“Hay un camino, y para emprenderlo, no hay que dar ni un paso atrás”

In my latest piece for Foreign Policy, I wrote,

“[Capriles] doesn’t have firm positions on anything other than reconciliation, efficiency, and problem-solving. This means that all the different factions of the opposition have a slightly different idea of him, one they tailor to their own ideological pre-conceptions: He’s a blank slate upon which a heterogeneous opposition projects its values and aspirations.”

I should have probably credited a friend for that idea. See, last week I was privileged to attend a talk by Ramón Guillermo Aveledo (more on the speech itself in a separate post). Aveledo was introduced by said friend, formerly of Gente del Petróleo.

As you can imagine, he and I don’t always see eye to eye. He has long been skeptical about Primero Justicia and Capriles’ message, and I think he voted for Diego Arria – though I can’t be sure.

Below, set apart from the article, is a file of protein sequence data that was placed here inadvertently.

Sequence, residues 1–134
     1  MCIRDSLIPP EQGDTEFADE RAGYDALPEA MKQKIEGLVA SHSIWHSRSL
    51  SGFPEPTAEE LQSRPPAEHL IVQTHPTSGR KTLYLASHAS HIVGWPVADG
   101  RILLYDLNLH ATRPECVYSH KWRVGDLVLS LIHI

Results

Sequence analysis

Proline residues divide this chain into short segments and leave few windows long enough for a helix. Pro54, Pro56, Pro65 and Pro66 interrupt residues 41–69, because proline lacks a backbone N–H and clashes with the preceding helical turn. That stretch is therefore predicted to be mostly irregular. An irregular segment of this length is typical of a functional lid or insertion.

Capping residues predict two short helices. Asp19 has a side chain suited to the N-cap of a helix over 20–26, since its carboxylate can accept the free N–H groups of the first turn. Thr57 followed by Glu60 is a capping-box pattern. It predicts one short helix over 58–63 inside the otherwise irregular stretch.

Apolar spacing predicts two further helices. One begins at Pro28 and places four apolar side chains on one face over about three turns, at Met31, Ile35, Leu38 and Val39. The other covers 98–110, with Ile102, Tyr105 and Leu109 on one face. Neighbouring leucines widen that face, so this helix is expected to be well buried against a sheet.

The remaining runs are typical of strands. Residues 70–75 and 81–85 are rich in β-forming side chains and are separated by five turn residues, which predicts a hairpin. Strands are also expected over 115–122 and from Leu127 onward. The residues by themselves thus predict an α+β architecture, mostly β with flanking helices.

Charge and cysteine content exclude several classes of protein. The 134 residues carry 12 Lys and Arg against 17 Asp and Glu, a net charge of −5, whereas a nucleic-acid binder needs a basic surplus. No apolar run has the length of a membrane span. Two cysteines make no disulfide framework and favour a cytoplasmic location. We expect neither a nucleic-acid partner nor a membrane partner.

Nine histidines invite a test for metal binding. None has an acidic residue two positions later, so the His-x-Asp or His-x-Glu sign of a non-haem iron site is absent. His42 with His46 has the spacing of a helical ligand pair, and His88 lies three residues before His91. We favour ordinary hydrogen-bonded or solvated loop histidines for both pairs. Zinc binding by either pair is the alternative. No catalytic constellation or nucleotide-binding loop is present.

Regardless, he is now firmly in Capriles’ camp. The phrase in the title comes from him – in fact, it was the way he ended the forum.

I thought it perfectly meshed the message of the intransigent opposition of 2002-2003 – of which the Gente del Petróleo were founding members – with the message of our … its Presidential candidate.

It also highlighted for me what I tried to convey in the article – that by staying above the fray, Capriles has allowed each group in the opposition to imagine him in a different light.

I honestly believe that the “ni un paso atrás” group are enthusiastic about Capriles’ chances, just as much as anyone in the opposition, and that they firmly believe that “hay un camino” means what they think it means.

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